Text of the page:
Scripture reading – Jeremiah 30

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Continuing our study of Jeremiah, we come to a tragic chapter in Judah’s history. Many in Judah had already been removed from the land and were living in captivity in Babylon. Except for the city of Jerusalem, Nebuchadnezzar’s army occupied Judah, and Babylon’s soldiers were positioned outside the city walls.

The setting for Jeremiah 30 was one of despair, and Jeremiah 31:26 indicated that the LORD came to Jeremiah while he was sleeping. We read, “1The word that came to Jeremiah from the Lord, saying, 2Thus speaketh the Lord God of Israel, saying, Write thee all the words that I have spoken unto thee in a book” (Jeremiah 30:1-2).

 

Jeremiah 30

 

The LORD Remembered His Covenant with Israel (Jeremiah 30:3)

Though the hour was dark and seemingly hopeless, the LORD had not forgotten His covenant with Israel. He assured Jeremiah the day would come when He would remember Israel and Judah and “cause them to return to the land that [He had given] to their fathers, and they [would] possess it” (Jeremiah 30:3).

From a historical perspective, the preservation and restoration of Israel and Judah to their land required a miracle. After all, the ancient nations of Jeremiah’s day were inevitably conquered and annihilated. Throughout history, the great conquering nations of the past, Assyria, Babylon, Greece, and Rome, are all gone. The ruins of those nations stand as a testimony to the inevitable tides of the rise and fall of countries. Yet, today, the Jewish people inhabit the land of Israel!

“The Time of Jacob’s Troubles”

“The Time of Jacob’s Troubles” – The Consequences of Sin and Disobedience (Jeremiah 30:4-9)

We are again reminded that Old Testament prophecies often carry an immediate application and a far-reaching implication. While Jeremiah 30:4-9 described Judah’s immediate sorrows, it also gave a far-reaching promise of hope and restoration. The LORD, addressing Israel and Judah through his prophet Jeremiah, reminded the people that their wickedness brought upon them the afflictions they were experiencing.

Students of prophecy are familiar with the phrase, “It is even the time of Jacob’s [Israel’s] trouble” (Jeremiah 30:7). That saying also describes the Great Tribulation, just before the Second Coming of Christ (Matthew 24:21-31; Mark 13:19-27; Revelation 7:14). The time of tribulation will bring war on the earth as has never been known (“trembling…fear, and not of peace”, Jeremiah 30:5).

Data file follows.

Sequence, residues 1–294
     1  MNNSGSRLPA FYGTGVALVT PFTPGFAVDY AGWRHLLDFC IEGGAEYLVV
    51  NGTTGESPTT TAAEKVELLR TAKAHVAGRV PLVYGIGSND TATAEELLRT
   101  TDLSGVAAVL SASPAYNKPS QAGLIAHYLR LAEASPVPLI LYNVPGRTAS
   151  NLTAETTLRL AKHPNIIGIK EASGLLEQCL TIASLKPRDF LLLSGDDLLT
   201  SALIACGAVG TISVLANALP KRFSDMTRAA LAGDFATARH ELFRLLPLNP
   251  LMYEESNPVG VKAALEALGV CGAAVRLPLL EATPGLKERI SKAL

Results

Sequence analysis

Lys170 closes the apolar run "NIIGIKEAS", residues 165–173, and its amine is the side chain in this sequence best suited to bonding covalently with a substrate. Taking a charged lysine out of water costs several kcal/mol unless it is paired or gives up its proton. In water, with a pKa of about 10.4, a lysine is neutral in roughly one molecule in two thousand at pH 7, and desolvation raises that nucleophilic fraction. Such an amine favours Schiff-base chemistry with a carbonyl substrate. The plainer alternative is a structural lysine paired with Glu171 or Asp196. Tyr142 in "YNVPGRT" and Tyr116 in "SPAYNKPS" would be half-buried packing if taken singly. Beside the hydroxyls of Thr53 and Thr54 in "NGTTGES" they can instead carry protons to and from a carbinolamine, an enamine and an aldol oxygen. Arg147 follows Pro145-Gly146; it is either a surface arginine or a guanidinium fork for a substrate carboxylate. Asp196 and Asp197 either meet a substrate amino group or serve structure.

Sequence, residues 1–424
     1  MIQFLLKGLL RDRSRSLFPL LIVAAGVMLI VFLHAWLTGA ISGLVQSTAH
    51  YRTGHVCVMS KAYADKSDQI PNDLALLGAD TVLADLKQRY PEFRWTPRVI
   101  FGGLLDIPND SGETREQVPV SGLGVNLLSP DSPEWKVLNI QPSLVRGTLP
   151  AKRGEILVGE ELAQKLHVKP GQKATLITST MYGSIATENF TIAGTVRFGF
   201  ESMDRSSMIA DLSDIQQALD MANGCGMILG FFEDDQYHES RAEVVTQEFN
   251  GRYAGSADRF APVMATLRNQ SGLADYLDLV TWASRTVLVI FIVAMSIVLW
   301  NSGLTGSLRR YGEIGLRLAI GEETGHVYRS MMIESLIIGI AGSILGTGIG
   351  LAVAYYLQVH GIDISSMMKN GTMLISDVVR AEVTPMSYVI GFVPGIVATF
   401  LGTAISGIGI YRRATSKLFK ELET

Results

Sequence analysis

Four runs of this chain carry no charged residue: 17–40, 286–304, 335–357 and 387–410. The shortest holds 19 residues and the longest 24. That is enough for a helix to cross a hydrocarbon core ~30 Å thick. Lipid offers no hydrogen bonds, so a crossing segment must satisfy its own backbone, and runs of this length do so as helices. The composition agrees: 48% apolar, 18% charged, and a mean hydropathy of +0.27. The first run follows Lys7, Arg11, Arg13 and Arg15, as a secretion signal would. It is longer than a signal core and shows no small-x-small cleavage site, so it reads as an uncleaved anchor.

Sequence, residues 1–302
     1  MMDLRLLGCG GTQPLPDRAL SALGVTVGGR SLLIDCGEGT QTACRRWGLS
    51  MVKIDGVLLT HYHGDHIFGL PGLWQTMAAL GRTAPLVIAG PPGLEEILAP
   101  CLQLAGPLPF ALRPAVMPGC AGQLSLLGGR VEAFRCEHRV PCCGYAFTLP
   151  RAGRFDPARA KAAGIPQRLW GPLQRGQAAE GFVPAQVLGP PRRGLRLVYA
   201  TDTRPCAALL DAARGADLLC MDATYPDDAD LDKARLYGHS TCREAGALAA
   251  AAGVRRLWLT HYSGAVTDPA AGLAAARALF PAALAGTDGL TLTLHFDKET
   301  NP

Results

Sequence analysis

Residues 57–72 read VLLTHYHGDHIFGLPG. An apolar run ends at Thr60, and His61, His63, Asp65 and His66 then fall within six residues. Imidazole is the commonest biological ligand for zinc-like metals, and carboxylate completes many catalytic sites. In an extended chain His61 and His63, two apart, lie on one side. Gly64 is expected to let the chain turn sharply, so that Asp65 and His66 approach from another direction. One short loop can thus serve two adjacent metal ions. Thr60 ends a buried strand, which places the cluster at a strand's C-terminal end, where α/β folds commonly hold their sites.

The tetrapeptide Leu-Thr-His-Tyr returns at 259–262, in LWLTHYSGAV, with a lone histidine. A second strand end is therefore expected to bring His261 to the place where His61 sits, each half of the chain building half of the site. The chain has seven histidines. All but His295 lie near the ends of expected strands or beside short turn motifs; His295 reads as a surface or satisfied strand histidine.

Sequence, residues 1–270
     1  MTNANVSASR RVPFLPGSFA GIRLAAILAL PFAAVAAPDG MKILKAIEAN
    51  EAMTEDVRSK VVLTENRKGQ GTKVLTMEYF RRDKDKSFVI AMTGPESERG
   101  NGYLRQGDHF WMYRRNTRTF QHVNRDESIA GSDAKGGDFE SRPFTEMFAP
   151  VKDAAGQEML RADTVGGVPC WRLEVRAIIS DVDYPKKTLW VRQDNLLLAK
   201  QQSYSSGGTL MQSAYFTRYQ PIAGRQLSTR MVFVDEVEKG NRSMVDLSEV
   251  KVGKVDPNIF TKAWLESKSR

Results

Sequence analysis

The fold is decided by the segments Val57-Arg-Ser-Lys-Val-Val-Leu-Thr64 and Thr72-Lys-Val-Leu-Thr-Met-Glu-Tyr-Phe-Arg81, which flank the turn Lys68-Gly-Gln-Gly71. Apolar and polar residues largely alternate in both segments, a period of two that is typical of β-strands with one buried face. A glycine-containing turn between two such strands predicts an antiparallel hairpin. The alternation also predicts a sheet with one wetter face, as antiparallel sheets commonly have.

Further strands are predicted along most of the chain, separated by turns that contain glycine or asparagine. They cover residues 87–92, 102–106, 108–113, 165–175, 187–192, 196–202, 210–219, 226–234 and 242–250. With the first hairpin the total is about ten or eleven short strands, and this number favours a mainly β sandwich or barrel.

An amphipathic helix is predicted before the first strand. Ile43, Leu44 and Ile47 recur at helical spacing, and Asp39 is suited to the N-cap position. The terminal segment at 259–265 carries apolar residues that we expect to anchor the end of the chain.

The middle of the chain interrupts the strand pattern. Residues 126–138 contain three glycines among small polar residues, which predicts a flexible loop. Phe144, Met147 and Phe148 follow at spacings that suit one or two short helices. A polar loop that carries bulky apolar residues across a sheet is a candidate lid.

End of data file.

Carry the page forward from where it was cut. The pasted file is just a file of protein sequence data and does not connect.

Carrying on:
Jeremiah 30:6 describes the terror of the day that Babylon would enter Jerusalem and destroy the city. The sounds of battle were likened to a scene of sorrow and death (“faces turned into paleness,” Jeremiah 30:6). Such will also be the scene of the great tribulation. Yet, the LORD promised Israel “shall be saved out of it” (Jeremiah 30:7b).

Returning to the immediate implication of the prophecy, Jeremiah prophesied that Israel and Judah would be delivered when the LORD would “break his [Babylon’s] yoke from off thy neck, and will burst thy bonds [ropes; chains] (30:8). However, Jeremiah 30:9 is still future, and will not be fulfilled until Christ returns to reign in Jerusalem as “King of kings, LORD of lords” (Revelations 17:14; 19:16). Then Israel will “serve the Lord their God, And David their king, whom [God] will raise up unto them” (Jeremiah 30:9). Of course, Jesus Christ will reign in the Millennium.

 

Promise of Vindication and Restoration (Jeremiah 30:10-12)

Speaking to those in captivity, Jeremiah encouraged them not to give into fear and anxiety (Jeremiah 30:10). Though all seemed lost from a human perspective, the LORD assured His people, “I will save thee…And Jacob [Israel] shall return, And shall be in rest, and be quiet, And none shall make him afraid. 11For I am with thee, saith the Lord, to save thee” (Jeremiah 30:10-11a). Though the LORD had used the nations to punish and scatter Israel and Judah for their sins, He promised He would not allow them to be vanquished as the other nations (Jeremiah 30:11-12).

Sadness and Solitude

Sadness and Solitude (Jeremiah 30:14-16) 

Rather than turn to the LORD, Israel and Judah foolishly looked to other nations (“thy lovers”) to ally themselves against Assyria and Babylon (Jeremiah 30:13-14). Nevertheless, when the people needed help, none of those nations answered their cries (Jeremiah 30:13-14). While Babylon arrested the focus of Jerusalem and Judah, Jeremiah reminded the people that their suffering was because of their sins. Therefore, declared the LORD, “I have done these things unto thee” (Jeremiah 30:15).

 

Compassionate Restoration (Jeremiah 30:17-24)

I conclude today’s study with good news, for Jeremiah declared the LORD would heal His people of their sorrows (Jeremiah 30:17). Jerusalem would be rebuilt and repopulated. Joy would be restored (Jeremiah 30:18). The Jewish people would increase (Jeremiah 30:18). The government would be restored (Jeremiah 30:21). As He promised, the LORD would renew His covenant with Israel. They will be His people, and He will be their God (Jeremiah 30:22).

The people received Jeremiah’s letter amid captivity and persecution by Babylon. Yet, Jeremiah declared the LORD in His wrath would come upon their enemies like a whirlwind, and the nations that oppressed Israel and Judah would fall (Jeremiah 30:23-24).

Israel and Judah had broken their covenant with the LORD, but He did not forsake them. Whether in Jerusalem or Babylon, He remembered His promises and that they were His people, and He their God.

What an excellent, blessed assurance!

Copyright © 2024 – Travis D. Smith 

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